(Pew Research Center)
The widest gap is between Republican and Democrats' opinion of the social safety net. Forty percent of Republicans agree with the statement, "It's the government's responsibility to care for people who can't care for themselves," compared with 75 percent of Democrats. That gap has widened by 20 points since 1987.
If there is any bright spot in the report, it is that the divide in income and education levels over questions about social mobility haven't gotten any greater in the past 25 years.
One way Pew measures this is by asking people whether they believe that success in life is largely determined by factors outside a person's control. A "yes" response signals that the respondent doesn't believe in one of the central promises of the American Dream—social mobility and equality of opportunity. The stark divide in answers by income is startling, but that gap hasn't changed much in a quarter century. Half of lower-income people say that success in life is mostly beyond people's control, while only 22 percent of upper income people believe so. College graduates are also much more likely to believe that a person can control his or her success.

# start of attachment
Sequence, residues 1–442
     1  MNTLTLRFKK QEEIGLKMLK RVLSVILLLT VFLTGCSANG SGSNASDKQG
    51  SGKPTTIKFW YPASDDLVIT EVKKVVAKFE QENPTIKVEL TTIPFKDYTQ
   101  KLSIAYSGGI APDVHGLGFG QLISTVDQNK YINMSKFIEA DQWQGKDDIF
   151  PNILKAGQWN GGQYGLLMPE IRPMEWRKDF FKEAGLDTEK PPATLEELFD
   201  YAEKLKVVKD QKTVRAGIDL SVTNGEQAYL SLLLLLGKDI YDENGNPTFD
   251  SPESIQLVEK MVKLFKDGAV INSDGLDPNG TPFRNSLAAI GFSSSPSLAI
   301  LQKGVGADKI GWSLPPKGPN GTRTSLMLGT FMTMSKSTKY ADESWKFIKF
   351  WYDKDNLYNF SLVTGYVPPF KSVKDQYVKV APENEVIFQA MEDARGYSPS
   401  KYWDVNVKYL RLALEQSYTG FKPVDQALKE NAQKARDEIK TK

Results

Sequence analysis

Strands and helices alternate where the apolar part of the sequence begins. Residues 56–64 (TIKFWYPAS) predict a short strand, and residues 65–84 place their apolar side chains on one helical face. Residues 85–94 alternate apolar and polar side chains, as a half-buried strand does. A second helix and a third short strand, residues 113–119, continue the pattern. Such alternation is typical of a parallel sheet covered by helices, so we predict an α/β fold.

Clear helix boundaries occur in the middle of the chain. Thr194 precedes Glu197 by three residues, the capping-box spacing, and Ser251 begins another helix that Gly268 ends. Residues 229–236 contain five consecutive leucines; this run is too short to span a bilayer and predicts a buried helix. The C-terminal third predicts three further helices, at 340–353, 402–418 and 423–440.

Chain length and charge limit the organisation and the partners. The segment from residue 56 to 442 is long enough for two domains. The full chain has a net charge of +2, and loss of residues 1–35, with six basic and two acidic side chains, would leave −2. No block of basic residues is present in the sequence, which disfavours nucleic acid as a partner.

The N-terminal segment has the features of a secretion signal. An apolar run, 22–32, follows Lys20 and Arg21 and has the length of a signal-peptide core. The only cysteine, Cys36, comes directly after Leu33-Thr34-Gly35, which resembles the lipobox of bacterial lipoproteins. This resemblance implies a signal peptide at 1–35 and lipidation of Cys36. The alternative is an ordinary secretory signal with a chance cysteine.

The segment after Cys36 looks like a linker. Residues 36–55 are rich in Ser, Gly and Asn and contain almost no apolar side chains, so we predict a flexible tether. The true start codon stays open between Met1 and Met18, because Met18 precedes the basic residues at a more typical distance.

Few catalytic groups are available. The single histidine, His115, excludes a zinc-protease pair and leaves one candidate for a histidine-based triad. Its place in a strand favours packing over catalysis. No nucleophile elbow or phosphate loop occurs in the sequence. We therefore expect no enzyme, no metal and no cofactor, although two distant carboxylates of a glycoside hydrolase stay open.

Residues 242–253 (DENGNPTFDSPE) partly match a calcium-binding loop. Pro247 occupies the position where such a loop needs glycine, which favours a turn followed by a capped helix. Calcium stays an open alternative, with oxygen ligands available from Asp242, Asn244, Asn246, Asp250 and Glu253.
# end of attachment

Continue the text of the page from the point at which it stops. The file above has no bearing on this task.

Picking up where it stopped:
The stasis in this divide comes in spite of the widening income gap between the rich and poor in America and Republican criticism that Obama engages in "class warfare" by saying wealthy people should pay higher taxes than they currently do.
A belief in personal control over financial destiny sets Americans apart from many Western European nations. In a Pew Global Attitudes survey last year, 72 percent of Germans and 57 percent of French people agreed that success is mostly decided by outside forces, compared to only 36 percent of Americans overall.
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